Eutrapelia comes from the Greek for "wittiness" (εὐτραπελία) and refers to pleasantness in conversation, with ease and a good sense of humor. It is one of Aristotle's virtues, being the "golden mean" between boorishness (ἀγροικία) and buffoonery (βωμολοχία).
Construed narrowly, eutrapelia is associated with an emotion in the same manner modesty and righteousness are associated with emotion; while it is not tied to any particular emotion when construed in wider terms, and is classified with truthfulness, friendliness, and dignity in the category of mean-dispositions that cannot be called pathetikai mesotetes.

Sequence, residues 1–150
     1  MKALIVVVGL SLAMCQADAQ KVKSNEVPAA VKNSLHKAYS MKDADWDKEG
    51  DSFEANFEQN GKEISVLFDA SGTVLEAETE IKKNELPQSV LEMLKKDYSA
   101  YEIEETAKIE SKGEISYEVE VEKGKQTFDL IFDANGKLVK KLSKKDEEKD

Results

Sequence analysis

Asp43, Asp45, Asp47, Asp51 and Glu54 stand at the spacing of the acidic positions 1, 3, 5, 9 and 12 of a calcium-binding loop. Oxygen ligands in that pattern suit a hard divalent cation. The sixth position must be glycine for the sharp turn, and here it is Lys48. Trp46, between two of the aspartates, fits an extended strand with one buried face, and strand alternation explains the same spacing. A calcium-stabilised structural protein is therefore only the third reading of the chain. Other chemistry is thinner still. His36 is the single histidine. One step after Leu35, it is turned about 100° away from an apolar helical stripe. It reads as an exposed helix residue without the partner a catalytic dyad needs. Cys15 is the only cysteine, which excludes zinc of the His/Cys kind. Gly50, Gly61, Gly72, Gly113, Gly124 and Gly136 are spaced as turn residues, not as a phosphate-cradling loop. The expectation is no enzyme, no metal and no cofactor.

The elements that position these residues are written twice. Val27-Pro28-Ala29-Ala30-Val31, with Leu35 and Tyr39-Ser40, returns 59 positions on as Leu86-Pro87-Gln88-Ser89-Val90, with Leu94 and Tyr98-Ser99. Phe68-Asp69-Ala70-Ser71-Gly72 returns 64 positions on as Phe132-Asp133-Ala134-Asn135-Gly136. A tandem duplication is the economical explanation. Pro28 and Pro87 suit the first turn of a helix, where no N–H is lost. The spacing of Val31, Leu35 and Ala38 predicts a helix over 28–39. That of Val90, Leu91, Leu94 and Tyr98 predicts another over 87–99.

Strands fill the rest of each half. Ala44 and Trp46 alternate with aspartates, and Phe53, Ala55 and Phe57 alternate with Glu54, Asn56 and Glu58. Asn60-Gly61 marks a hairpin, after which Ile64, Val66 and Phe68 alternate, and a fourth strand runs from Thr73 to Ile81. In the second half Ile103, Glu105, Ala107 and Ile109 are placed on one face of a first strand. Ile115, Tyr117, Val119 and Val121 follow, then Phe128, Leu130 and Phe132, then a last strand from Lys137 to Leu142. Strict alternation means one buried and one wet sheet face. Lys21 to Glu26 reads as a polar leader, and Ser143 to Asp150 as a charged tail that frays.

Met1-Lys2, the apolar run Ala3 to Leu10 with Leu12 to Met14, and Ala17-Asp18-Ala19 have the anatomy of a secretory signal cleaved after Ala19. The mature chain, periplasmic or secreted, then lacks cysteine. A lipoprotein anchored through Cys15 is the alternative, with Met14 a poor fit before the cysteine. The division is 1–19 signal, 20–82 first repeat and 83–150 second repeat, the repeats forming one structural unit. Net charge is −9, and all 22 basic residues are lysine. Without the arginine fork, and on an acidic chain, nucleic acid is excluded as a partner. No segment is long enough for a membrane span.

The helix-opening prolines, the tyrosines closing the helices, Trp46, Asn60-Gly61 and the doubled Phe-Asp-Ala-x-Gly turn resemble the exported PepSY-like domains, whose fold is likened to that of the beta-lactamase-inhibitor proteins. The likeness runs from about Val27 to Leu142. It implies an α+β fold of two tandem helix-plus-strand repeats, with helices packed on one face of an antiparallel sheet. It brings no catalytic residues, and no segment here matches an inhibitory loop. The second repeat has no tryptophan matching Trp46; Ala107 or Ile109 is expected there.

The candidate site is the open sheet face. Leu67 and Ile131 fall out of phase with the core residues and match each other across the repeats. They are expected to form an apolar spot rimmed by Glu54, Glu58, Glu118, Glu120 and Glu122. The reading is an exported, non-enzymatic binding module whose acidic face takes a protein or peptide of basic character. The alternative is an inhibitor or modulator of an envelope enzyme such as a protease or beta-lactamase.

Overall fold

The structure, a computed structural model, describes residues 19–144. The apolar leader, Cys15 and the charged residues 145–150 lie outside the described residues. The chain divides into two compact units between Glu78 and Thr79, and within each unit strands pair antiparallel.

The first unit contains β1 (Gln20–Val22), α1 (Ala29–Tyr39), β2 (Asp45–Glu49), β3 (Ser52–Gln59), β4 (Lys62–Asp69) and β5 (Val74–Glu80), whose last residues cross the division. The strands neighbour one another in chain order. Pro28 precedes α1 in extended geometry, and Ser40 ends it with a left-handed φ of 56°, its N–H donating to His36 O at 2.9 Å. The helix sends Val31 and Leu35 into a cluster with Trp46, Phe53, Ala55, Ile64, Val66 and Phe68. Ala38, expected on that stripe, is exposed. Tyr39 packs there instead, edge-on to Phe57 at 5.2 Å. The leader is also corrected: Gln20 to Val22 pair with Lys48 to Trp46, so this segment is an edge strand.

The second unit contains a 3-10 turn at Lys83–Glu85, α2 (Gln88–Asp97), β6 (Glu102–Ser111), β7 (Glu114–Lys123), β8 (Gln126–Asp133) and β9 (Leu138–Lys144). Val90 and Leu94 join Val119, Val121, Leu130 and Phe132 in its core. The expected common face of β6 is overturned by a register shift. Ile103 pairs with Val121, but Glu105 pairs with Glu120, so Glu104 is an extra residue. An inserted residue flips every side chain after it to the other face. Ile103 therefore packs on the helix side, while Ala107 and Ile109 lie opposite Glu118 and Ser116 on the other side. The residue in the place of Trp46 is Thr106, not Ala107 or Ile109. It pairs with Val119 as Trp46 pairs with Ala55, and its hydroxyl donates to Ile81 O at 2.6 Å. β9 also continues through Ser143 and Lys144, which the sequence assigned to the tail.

Thomas Aquinas (1225–1274), viewed eutrapelia in a positive light, again, favoring the ancient Aristotelian notion that it is constituted by mental relaxation and honorable fun. In Summa Theologica, Aquinas made it the virtue of moderation in relation to jesting.
By the second half of thirteenth century, the concept was considered a state of judicious pleasure and returned to being considered a virtue by commentators.
The term, eutrapely, is derived from eutrapelia and, since 1596, shares the original meaning of wittiness in conversations.